The US regional airline industry is poised to undergo further consolidation following Delta Air Lines' announced acquisition of partner carrier Atlantic Southeast Airlines (ASA).

Delta's $700 million purchase of ASA Holdings will boost its share of traffic in the south-eastern USA, and consolidate an already dominant position at its main Atlanta hub. The US major already holds a 28% stake in the Atlanta-based Delta Connection carrier.

The ASA deal follows other similar regional airline acquisitions, including American Airlines' recent purchase of Reno Air and American Eagle's takeover of Business Express.


Delta says the ASA purchase was not influenced by other transactions, and is keen to stress that the deal differs from American's planned merger with Reno, which has led to pilot industrial action.

ASA will operate as a wholly owned subsidiary of Delta and, although flight scheduling will be integrated, it will maintain its own identity, retaining a separate 2,600-strong workforce and flying aircraft seating 70 or fewer passengers.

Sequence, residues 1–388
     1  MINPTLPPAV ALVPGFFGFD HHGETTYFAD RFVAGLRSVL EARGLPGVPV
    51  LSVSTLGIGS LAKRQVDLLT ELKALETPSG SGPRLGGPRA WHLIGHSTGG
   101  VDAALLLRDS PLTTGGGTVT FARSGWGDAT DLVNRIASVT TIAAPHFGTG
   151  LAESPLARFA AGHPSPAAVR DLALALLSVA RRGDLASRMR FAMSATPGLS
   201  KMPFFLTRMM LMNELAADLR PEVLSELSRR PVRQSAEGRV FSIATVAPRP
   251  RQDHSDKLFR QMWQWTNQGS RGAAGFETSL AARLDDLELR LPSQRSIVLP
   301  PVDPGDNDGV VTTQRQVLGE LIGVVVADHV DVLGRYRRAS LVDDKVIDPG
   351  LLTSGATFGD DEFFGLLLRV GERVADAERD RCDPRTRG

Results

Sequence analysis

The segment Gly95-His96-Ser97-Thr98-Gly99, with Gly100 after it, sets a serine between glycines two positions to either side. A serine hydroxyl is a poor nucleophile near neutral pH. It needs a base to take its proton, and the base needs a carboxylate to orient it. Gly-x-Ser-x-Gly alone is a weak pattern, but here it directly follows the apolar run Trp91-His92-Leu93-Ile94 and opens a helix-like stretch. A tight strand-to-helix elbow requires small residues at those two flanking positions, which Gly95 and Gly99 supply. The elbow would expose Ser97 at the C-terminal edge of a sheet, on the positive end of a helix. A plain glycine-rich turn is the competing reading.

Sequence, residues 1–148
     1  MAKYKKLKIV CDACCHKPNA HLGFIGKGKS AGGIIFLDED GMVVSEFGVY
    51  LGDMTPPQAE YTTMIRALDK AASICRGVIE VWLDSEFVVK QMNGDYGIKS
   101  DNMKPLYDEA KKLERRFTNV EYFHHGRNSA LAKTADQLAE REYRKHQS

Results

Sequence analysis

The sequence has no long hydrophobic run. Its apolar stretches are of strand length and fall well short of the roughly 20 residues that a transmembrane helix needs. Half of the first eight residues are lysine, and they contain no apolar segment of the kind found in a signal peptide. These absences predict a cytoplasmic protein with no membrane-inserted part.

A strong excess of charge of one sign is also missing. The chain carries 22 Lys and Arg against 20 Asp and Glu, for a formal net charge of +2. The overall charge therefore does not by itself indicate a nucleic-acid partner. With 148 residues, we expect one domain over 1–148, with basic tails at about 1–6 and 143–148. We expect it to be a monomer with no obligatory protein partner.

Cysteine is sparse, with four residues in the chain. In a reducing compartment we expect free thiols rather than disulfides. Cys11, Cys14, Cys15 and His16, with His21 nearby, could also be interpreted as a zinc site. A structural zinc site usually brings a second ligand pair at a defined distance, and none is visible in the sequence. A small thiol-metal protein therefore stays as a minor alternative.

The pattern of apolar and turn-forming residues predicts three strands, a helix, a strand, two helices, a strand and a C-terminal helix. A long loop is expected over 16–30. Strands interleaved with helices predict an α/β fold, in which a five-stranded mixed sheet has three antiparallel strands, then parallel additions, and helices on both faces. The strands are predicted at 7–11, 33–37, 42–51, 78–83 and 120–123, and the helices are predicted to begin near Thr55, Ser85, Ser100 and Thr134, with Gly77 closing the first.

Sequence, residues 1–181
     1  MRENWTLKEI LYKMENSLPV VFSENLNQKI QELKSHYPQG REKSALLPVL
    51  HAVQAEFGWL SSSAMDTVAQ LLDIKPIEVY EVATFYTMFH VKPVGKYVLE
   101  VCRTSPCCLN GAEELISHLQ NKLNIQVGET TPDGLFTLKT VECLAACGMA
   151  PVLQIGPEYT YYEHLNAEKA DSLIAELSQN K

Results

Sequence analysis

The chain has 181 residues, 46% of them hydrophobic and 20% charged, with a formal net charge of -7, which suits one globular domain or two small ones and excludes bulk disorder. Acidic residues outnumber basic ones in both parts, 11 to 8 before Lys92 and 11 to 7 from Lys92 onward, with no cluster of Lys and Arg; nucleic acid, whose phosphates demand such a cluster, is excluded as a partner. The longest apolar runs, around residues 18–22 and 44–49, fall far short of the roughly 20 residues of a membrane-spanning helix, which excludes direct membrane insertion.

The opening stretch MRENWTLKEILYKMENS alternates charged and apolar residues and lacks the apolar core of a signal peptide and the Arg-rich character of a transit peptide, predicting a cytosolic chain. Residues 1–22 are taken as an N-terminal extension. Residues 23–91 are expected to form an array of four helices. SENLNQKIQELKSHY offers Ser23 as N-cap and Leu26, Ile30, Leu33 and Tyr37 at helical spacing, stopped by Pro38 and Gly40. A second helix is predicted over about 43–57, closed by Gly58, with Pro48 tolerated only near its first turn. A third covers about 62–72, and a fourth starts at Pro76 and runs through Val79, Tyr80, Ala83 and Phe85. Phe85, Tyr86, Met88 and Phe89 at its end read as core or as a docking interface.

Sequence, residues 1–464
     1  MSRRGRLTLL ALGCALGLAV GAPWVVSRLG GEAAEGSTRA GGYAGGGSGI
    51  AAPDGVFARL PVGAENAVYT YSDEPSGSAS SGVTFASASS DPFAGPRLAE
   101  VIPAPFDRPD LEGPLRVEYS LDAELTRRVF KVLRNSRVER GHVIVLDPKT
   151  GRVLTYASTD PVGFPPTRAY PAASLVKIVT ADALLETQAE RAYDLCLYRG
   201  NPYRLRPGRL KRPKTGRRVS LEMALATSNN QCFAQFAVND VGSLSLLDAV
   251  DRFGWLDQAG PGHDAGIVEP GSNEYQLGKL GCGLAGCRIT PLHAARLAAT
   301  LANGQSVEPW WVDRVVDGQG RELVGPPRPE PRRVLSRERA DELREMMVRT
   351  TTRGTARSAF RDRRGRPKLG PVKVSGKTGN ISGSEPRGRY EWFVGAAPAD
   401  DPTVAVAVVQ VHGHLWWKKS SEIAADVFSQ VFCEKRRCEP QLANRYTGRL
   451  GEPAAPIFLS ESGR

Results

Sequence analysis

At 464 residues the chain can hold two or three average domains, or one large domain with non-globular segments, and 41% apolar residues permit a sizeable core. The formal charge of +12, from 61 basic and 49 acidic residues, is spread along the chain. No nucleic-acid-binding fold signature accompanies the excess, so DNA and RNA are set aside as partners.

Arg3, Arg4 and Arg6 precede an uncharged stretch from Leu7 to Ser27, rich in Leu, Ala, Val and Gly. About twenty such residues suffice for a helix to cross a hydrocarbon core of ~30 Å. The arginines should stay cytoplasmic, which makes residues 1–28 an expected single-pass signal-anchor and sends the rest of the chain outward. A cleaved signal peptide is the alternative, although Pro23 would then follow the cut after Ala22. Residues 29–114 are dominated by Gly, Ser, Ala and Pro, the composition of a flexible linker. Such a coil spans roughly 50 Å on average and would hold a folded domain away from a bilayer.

"This is not a merger into one airline," says Delta chief operating officer Maurice Worth. He adds that the ASA deal "-has no bearing" on the major's relationship with other affiliated carriers, including Cincinatti-based Comair, Skywest of Salt Lake City and St Louis-based Trans States Airlines.

Delta says instead that it decided to buy 20-year-old ASA after being presented with a "unique opportunity". ASA chairman George Pickett will stand down once the deal is finalised, while continuing to work as a consultant.

Regional carrier ASA flies to 57 destinations in 19 states with 88aircraft, and plans to move to an all-jet fleet with the introduction of the Bombardier Canadair Regional Jet series 200/700.

Source: Flight International